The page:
I was an athlete all four years. I was a member of Union Board, the orchestra, entrepreneur club, finance committee, and probably something else. You'll be tempted to sign up for stuff. Don't over commit. Time is so valuable. Don't reject everything, try something each semester if you want, but don't spread yourself too thin.

Just follow your interests. Clubs won't help you get jobs--for the most part. More on this later. There's no medals for collecting titles. Instead, focus on your happiness and how much you're learning.

6- Ask more questions
This is related to number four. I was that guy in class. I sat in front and was engaged in the lectures (for the most part). Yet even now, I wish I asked more questions. Think back to ROI.  Now's your shot. No professor will judge you for asking too many questions, at least in my experience. Extract as much value as you can get. Faculty are here for you. Fire away.

7- Join student body government
I wrote that clubs won't help you get a job but this might be the only exception, and it's not really a club. Student body government is an opportunity for you to learn how a university functions. You'll meet the board of directors and the dean of students. You'll manage budgets and make real decisions. 

If you have the time, give government a chance. I'm not a huge fan of politics, but this may help you with your career, and at the very least open your eyes to the world of university operations.

8- Leave drama behind
College is a blank slate. You can be anyone you want to be. Everyone is starting over. High school status doesn't transfer credits to campus. So, leave the baggage behind.

If you have friends from home giving you crap about not calling, are they really your friends?  Drama is for people who have nothing better to talk about.  Don't get sucked into the conversation. Leave it behind, where it belongs.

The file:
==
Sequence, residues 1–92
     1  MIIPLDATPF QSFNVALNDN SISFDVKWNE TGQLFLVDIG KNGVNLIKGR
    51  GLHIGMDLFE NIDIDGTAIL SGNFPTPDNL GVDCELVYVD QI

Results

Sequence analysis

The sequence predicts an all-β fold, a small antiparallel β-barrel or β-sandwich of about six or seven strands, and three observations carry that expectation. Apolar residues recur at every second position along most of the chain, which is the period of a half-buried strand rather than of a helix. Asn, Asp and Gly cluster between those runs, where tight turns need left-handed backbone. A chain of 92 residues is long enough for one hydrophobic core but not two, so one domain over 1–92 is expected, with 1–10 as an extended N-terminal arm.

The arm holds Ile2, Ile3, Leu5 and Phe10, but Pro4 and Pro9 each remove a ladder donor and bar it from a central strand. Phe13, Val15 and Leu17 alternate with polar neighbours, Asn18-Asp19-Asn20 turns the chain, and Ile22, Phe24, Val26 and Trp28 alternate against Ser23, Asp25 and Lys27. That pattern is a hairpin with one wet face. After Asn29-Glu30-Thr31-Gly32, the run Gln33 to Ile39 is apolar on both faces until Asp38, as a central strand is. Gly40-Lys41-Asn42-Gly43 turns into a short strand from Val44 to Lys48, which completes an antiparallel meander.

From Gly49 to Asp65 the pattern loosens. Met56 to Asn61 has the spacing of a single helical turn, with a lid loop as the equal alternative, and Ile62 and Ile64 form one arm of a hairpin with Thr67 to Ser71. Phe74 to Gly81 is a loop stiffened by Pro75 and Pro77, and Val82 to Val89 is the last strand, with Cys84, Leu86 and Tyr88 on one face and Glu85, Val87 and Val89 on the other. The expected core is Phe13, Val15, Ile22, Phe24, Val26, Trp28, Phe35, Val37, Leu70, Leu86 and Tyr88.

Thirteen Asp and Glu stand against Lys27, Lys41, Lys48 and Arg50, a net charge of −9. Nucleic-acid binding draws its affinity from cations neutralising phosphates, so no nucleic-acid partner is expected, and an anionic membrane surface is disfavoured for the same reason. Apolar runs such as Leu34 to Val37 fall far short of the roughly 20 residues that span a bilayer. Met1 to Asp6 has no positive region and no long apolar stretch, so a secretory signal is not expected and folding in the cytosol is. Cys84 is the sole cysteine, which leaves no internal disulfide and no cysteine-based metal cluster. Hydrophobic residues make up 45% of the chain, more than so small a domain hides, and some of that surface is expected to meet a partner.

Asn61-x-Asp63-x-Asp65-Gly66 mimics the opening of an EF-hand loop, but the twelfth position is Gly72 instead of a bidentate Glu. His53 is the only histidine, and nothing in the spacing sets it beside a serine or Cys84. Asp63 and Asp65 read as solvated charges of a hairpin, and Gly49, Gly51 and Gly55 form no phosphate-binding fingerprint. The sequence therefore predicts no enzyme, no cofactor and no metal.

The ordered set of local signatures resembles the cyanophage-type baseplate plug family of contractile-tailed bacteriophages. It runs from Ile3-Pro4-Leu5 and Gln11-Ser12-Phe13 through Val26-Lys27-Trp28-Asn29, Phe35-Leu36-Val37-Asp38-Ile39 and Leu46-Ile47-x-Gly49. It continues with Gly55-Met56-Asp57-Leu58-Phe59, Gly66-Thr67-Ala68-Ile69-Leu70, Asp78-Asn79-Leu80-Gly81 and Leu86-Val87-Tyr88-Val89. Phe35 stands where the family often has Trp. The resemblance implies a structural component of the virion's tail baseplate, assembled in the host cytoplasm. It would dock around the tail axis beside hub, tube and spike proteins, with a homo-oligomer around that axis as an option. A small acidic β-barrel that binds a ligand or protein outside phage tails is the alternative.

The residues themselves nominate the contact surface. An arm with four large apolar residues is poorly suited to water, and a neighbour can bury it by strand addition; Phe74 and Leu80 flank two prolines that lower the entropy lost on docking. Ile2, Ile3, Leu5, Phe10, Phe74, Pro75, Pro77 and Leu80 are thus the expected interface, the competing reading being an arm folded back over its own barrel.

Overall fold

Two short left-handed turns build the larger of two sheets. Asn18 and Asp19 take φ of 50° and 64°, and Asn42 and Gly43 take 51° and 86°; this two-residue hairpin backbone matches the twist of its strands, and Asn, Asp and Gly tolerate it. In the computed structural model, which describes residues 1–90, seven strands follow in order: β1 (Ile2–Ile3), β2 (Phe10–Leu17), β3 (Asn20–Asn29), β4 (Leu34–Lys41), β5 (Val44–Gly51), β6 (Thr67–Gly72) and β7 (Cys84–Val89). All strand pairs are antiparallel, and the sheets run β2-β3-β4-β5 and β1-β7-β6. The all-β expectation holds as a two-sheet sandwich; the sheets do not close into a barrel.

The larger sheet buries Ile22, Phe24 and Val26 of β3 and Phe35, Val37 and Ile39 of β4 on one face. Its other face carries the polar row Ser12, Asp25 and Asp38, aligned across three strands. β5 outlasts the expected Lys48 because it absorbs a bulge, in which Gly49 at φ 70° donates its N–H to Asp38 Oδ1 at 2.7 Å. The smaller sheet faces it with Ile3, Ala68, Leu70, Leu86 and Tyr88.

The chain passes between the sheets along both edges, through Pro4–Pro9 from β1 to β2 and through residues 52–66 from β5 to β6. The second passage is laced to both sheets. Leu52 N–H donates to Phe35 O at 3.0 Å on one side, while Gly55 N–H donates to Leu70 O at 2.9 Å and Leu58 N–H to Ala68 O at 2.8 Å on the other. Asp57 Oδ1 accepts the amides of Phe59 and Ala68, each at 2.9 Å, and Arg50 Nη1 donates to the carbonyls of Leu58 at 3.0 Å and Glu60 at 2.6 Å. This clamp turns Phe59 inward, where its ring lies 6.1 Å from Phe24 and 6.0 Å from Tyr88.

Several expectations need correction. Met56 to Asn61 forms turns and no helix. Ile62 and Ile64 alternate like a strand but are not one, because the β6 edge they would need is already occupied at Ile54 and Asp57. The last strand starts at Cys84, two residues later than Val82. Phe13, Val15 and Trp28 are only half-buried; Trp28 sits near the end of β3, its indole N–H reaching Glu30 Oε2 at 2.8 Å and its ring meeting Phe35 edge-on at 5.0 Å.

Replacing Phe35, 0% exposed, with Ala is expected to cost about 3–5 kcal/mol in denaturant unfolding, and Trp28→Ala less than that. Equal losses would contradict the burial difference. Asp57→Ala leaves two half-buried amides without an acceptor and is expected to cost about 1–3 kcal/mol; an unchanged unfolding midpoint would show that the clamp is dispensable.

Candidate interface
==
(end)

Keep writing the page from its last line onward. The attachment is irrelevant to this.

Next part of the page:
9- Be mindful of who you hangout with
I actually knew this when I started school, but I think it's important enough to write anyway, because I saw some great people make poor decisions, and you will too--it's heart breaking. 

They say we're the sum of the five people we spend the most time with. If that's true, are you hanging with the right crowd? If you're negative, causing pain, making stupid choices, I'm sorry.  I'm cutting you out. There are too many awesome people doing amazing things to waste time with people who hurt you.

Don't take this too literally, just be mindful.

10- Ask your professor for a 1 on 1's
I rarely did this and now I'm kicking myself. Professors are people just like you. They like funny movies, partying (maybe not the same way you do), and coffee. Boy do they love coffee. 

Here's my tip. Ask your professor for a 1 on 1, maybe you can buy them coffee. Not only will they put a face to your name, but you'll have the opportunity to ask questions. How will I succeed in your course? Why did you start teaching? What interests you about this particular subject. 

This stuff is gold. You won't get this from any book, and you might make a few friends in the process. 

11- Take writing classes
I only took one writing class at Wittenberg. Now I write all the time. It's a skill that pays dividends your whole life. You might hate English, but you use it every day. Give it another thought.

There you have it. My advice. I wont ask you to follow blindly (remember to ask questions), just take it into consideration. If you're faculty or an alumn, what's something you wish you knew when you were a freshman?

To the class of 2017, the best is yet to come.